SBS position on a lack of a mandate for paints

SBS position on a lack of a mandate for paints

Wooden windows and doors are manufactured from components, in particular the following: solid wood, coating material (organic solvent- or water-based paints, lasures or varnishes),
glass, sealants and fittings. The same coatings are also used on decorative wooden products, such as skirting boards and timber cladding. One of the major source of release (emission or
leaching) or content of any dangerous substances (DSs) is the coating applied. The wooden window and door manufacturing sector, and decorative timber sector, include a large
number of micro enterprises.

Wooden product manufacturers should be able to use the option to declare emissions of DSs based either upon the emission from or content of DSs in components. However, paints,
lasures and varnishes are not mandated under the CPR. Thus the paint/ lasure/varnish producers do not have the obligation to issue DoPs for their products, which means no need
for them to declare the release and/or content levels of DSs from and/or in their products in ways which can be used for DS emission into indoor air.

Although coating manufacturers have an obligation to declare content according to REACH, there is currently no method to calculate release rates based on content. Because the CPR
requires assessment of release, REACH information does not help (although zero content of a particular DS means that it cannot be released).

The lack of a mandate on paints/lasures/varnishes means that there is no legal obligation on their manufacturers to declare DS release rate or content levels. If their manufacturers refuse
to offer this information voluntarily, it leads to the situation where all wooden product manufacturers have to test their coated windows for emission of DSs, in order for them to
be able to affix the CE marking under the CPR.

This leads to enormous waste of energy, time and money. Instead of one test performed by the coating manufacturer, the numerous micro enterprises all over Europe (without having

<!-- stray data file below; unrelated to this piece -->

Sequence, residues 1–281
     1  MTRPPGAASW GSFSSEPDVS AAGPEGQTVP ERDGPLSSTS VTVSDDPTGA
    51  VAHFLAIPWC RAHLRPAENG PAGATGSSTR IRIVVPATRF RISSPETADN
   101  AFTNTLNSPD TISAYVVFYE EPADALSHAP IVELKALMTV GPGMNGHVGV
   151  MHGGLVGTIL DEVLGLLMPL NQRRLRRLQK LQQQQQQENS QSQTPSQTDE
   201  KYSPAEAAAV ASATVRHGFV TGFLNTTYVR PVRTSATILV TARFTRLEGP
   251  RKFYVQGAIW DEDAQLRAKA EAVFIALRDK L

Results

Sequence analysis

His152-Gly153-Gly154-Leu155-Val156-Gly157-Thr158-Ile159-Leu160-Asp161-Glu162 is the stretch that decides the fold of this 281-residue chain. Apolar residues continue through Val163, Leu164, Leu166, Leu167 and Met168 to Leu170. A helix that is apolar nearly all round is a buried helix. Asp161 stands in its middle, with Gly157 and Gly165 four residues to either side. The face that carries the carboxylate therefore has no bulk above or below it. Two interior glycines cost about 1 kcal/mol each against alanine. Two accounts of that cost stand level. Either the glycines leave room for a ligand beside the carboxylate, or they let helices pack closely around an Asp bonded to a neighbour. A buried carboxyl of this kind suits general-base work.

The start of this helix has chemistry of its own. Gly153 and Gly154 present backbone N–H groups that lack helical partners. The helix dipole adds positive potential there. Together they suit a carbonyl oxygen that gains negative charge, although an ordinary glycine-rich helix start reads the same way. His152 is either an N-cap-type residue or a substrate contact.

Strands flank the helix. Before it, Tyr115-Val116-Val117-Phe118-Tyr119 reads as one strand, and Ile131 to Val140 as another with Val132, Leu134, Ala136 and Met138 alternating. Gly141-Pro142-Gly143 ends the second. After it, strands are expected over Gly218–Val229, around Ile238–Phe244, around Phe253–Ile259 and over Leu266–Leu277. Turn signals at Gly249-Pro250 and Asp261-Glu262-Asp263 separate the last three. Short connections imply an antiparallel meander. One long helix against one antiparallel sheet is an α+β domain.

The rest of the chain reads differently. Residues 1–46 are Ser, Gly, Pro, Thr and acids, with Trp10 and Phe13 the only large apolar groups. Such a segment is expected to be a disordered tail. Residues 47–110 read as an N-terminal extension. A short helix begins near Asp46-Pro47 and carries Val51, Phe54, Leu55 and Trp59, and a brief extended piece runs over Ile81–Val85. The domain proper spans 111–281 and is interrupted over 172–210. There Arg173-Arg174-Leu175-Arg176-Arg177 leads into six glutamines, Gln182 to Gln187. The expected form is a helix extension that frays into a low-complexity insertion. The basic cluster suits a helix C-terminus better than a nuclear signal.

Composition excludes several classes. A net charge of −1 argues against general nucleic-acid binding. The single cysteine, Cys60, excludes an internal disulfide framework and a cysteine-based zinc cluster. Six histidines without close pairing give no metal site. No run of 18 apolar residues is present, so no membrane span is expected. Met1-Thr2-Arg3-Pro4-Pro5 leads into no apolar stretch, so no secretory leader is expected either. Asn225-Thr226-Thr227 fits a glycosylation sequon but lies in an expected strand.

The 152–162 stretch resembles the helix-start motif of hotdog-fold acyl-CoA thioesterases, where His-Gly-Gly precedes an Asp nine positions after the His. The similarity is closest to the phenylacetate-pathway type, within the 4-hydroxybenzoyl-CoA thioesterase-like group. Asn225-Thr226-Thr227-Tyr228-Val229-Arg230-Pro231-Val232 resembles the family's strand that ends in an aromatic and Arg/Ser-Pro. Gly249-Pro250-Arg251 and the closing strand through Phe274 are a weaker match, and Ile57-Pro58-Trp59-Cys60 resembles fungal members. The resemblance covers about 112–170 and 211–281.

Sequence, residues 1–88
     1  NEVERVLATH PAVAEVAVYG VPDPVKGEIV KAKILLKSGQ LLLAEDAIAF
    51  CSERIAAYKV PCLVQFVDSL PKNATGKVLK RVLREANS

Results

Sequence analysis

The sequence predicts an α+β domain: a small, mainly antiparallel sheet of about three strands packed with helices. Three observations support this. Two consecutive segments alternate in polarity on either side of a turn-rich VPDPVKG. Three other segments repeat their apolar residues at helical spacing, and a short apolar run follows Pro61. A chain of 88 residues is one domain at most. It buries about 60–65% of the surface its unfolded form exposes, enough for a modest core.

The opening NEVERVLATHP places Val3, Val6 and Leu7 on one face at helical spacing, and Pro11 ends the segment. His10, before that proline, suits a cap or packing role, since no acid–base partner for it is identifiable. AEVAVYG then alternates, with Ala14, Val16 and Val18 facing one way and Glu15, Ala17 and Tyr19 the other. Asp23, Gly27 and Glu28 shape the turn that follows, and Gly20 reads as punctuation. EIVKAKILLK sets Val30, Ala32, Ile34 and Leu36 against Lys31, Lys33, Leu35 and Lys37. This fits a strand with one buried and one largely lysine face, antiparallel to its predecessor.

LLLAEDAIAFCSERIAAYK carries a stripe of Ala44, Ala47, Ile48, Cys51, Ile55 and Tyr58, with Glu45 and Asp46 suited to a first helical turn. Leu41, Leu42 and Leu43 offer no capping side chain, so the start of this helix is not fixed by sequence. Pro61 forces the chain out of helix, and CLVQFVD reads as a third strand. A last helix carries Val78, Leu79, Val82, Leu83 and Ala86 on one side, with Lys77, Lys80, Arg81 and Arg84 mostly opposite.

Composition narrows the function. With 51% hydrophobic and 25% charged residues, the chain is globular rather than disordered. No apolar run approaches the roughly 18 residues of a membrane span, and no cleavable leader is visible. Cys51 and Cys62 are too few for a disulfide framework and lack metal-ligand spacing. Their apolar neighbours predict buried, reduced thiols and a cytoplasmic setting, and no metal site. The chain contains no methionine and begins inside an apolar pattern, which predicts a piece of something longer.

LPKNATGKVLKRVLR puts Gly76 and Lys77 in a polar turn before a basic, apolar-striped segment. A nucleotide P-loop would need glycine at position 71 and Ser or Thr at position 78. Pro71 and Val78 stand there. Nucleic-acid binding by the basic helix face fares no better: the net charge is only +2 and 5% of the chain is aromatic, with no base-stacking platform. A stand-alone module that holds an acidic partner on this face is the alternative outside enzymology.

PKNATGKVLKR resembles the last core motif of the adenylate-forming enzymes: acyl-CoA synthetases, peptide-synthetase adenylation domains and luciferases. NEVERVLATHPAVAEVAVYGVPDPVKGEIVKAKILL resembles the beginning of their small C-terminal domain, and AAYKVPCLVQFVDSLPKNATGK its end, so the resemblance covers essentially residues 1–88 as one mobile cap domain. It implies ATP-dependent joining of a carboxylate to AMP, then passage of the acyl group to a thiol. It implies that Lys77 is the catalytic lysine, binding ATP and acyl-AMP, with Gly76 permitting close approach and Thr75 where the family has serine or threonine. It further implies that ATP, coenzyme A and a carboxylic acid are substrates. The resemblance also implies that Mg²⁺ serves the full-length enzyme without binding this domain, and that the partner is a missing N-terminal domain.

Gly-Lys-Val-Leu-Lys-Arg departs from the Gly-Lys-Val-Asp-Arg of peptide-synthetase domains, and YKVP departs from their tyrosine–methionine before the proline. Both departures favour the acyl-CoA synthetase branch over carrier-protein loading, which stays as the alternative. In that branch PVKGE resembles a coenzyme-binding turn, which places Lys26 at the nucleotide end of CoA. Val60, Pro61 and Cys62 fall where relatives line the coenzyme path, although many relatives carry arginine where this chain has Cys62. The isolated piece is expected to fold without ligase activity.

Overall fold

any contact to each other, and missing the ability to share their results) have to test the same coating for themselves. For the coating manufacturer this would be one single test per paint,
lasure or varnish produced.

By sharing the test results, all wooden product manufacturers would be able to declare emission from their coated windows based on just one test performed by the coating
manufacturer. One test performed by the coating manufacturer and then shared with all wooden product manufacturers would avoid the need for thousands of manufacturers to ask
individually for the same test all over Europe, saving a lot of money.

For these reasons, SBS proposes that

The possibility of bringing paints and varnishes within the scope of the CPR needs to be considered. This would require paint, lasure and varnish manufacturers to declare content
and release rates of dangerous substances, saving money not only for wooden product manufacturers but also for manufacturers of any coated timber products.

Further information on the subject raised in this document can be obtained from the SBS
Secretariat at


Views and opinions expressed are those of Small Business Standards (SBS) only and do not necessarily reflect those of the European Union or EFTA. Neither the European Union nor EFTA can be held responsible for them.